No-one really knows what type of electric vehicles will prove popular because the market expands beyond early adopters, who tend to be affluent and environmentally conscious. Will they want car designs that signal some slack with the past? Or will they want electric cars that look and perform just like the gasoline models they’re used to?

Laetitia Vancon for The New York Times

It’s too early to inform. Sales of electrified vehicles are growing fast, but remain less than 4 per cent of the total market in the United States. The market is dominated by Tesla, which is building a factory in Berlin . Tesla’s Model 3 may be the best-selling electric car in western Europe, where plug-in vehicles accounted for 17 percent of new car sales in the first half of the entire year, or one million vehicles, according to Schmidt Automotive Research in Berlin.

The i3, which BMW began producing in 2013, was a lesson in the perils of visiting market too early. The carbon-fiber body mounted atop an aluminum chassis won design awards and was an engineering feat, but it was high priced to produce. Not many everyone was willing to pay a lot more than $40, 000 for what was essentially a hatchback that could travel only about 80 miles on a charge. Later models have improved batteries and certainly will go more than 150 miles between charges.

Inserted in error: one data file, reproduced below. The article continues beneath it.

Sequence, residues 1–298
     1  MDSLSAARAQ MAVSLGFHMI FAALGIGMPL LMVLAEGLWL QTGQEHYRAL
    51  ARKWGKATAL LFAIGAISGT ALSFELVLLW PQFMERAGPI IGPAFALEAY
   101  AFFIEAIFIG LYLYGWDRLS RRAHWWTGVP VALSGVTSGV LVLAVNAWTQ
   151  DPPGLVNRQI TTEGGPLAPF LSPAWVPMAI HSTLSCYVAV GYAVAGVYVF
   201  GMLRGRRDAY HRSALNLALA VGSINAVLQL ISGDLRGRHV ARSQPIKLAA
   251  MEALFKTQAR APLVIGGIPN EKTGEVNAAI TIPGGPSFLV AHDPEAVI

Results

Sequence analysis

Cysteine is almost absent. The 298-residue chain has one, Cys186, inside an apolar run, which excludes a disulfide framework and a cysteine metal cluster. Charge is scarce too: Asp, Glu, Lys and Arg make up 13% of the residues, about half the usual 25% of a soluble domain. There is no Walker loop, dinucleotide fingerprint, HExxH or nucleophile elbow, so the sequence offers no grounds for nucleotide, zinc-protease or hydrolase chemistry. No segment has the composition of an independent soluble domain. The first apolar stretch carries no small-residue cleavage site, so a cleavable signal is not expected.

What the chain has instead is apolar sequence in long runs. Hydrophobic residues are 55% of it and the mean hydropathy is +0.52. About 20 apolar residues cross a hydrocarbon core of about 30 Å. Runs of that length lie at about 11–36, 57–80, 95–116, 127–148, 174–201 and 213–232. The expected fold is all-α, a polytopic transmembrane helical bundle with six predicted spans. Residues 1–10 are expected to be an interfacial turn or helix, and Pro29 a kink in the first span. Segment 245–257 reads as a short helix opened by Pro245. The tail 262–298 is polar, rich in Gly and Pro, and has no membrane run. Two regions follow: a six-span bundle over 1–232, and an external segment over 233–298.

BMW continues to produce the i3 and has sold about 210, 000 since 2013, but ended sales in the United States in July. BMW executives reject the idea that the i3 was a mistake, saying they learned valuable lessons about electric vehicle technology, such as making more efficient motors. “This wouldn’t exist minus the i3, ” Frank Weber, the BMW board member in charge of development, said as he steered a maroon iX on the streets around company headquarters in Munich.

BMW waited eight years to offer a follow-up to the i3 because executives realized they needed a car able to go more than 600 kilometers, or 370 miles, on a charge, Mr. van Hooydonk said. “With the iX, we have that now, ” that he said.

Laetitia Vancon for The New York Times

Unlike Volkswagen and Daimler , which are building their own battery factories with partners, BMW is buying batteries from suppliers like Northvolt of Sweden and CATL of China. BMW, like its rivals, can also be developing its own technology. At a research center in Munich, the automaker is looking for chemical recipes that will be safer, lighter and store more energy per kilogram. Suppliers will build batteries based on BMW specifications.

The center’s labs are equipped with electron microscopes that allow BMW scientists to observe what goes on to the molecules inside battery cells as they are repeatedly charged and discharged. There’s a fireproof room where BMW can work on ways to prevent batteries from overheating.